Harvey Couch created three interconnected utility companies from scratch—AP&L, Mississippi Power and Light, and Louisiana Power and Light. He also built the first modern natural gas–fired power plant in the lower Mississippi River Valley, near Monroe, Louisiana. With permits from Washington DC, he built Remmel and Carpenter dams in Garland County, using stones from the riverbanks and timber from the soon-to-be-inundated lands, thereby creating Lake Hamilton and Lake Catherine, the latter named for his daughter. The only luxury the longtime resident of Pine Bluff (Jefferson County) (where AP&L also had its headquarters) allowed himself was a rustic log cabin on Lake Catherine, just outside of Hot Springs (Garland County). He called it Couchwood, and there he entertained everyone who had helped him in his rise to fame, as well as international bankers, and presidents Herbert Hoover and Franklin Delano Roosevelt.

During the Flood of 1927, Governor John E. Martineau appointed Couch flood relief director and supervisor of the Red Cross rescue operations. After the drought of 1930, Couch was appointed state relief chairman. In this position, he was able to help Arkansas senator Joe T. Robinson obtain $20 million in federal loans to Arkansas farmers.

Hoover also appointed Couch to the seven-member board for the president’s newly formed emergency Reconstruction Finance Corporation (RFC), which operated from 1931 to 1956. The RFC was the president’s way of getting the government involved. The new program’s mission was to strengthen confidence, facilitate exports, protect and aid agriculture, make temporary advances to industries, and stimulate employment. Couch was one of seven directors of the RFC, and he moved to Washington DC for three years. He served as supervisor of the public works section, overseeing budgets and encouraging the building of water and sewage systems, bridges, and electric lines. He and Jesse Jones were the only Hoover appointees to stay on after Franklin Delano Roosevelt was elected.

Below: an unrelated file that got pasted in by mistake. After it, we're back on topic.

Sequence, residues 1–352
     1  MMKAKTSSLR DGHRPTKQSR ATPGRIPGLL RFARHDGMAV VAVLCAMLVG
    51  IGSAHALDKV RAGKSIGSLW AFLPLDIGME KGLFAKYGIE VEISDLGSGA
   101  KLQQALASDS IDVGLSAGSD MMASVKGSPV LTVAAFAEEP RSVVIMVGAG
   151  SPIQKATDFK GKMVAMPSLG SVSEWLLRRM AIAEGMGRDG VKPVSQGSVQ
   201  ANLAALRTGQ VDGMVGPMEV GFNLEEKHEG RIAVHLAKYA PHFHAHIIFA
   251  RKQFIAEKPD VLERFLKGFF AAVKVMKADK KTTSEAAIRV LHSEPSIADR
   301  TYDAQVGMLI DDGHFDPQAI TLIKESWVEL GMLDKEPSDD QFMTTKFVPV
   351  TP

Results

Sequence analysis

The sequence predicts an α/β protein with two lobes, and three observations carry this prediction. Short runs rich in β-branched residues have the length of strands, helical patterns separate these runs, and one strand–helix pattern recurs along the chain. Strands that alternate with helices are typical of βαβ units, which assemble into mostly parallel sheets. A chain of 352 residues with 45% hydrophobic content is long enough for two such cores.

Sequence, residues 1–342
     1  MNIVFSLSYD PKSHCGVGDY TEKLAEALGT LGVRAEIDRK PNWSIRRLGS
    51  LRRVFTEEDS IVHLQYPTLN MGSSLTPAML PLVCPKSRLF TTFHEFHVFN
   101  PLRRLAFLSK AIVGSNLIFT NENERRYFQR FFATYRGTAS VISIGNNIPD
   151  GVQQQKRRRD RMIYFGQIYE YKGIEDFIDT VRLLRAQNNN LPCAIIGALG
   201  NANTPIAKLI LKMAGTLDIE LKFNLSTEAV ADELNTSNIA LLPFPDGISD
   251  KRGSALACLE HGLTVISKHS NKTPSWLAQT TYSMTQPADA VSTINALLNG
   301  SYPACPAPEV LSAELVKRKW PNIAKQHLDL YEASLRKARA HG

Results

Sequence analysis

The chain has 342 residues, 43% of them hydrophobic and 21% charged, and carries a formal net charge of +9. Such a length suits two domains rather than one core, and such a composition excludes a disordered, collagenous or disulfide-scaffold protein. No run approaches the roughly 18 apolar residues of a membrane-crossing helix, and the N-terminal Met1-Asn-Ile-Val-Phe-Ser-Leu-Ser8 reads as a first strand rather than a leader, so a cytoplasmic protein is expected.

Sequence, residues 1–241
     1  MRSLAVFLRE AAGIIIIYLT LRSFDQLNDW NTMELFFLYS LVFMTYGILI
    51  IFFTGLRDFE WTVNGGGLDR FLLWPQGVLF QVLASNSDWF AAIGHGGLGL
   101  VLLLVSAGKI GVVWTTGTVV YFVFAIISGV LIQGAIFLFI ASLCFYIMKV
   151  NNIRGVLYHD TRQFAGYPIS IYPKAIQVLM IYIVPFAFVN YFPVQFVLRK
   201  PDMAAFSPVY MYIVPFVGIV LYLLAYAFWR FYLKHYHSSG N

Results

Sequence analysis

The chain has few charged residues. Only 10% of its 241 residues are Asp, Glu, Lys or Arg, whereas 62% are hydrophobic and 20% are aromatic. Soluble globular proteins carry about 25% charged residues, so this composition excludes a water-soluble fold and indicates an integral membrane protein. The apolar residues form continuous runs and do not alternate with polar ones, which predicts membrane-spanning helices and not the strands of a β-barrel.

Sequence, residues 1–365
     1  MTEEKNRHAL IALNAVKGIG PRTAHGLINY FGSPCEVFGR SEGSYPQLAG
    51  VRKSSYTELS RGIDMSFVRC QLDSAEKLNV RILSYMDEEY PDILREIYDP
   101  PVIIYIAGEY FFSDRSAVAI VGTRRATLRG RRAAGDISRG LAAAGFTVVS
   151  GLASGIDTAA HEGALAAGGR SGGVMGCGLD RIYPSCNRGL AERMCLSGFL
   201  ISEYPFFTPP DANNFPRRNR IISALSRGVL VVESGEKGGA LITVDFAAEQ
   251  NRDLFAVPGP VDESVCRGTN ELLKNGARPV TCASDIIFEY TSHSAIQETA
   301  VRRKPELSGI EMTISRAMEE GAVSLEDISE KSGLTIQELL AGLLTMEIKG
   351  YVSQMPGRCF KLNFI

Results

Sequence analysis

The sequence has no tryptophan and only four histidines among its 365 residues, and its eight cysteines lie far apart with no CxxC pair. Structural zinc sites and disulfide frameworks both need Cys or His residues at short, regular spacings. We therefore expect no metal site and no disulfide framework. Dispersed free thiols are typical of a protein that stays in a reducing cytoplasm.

After spending his life acquiring money, now Couch simply distributed it, but he kept up his Arkansas connection at Couchwood with wiener roasts (his favorite food was the hotdog) for neighbors and their children.

Still, the RFC was not helping everyone. The Public Works Administration (PWA) was established in 1933 under Roosevelt to fund large-scale projects-schools, dams, and civic improvements. Couch resigned from RFC, staying on until the PWA ran smoothly. He took 1,400 employees of RFC on a farewell cruise along the Potomac—complete with hot dogs and dance music.

In 1937, Couch acquired stock in the Kansas City Southern Railroad (KCS) and soon assumed control of it. In 1939, he combined it with the Louisiana and Arkansas Railway, which he had purchased in February 1928 (he also added the Louisiana Railroad and Navigational Company the year after). Control of the KCS allowed Couch to form a merger in 1939 that stretched the system from New Orleans to Kansas City. He upgraded the aging system and announced the development of an air-rail-motor transportation system that followed the KCS routes. He received expedited government approval.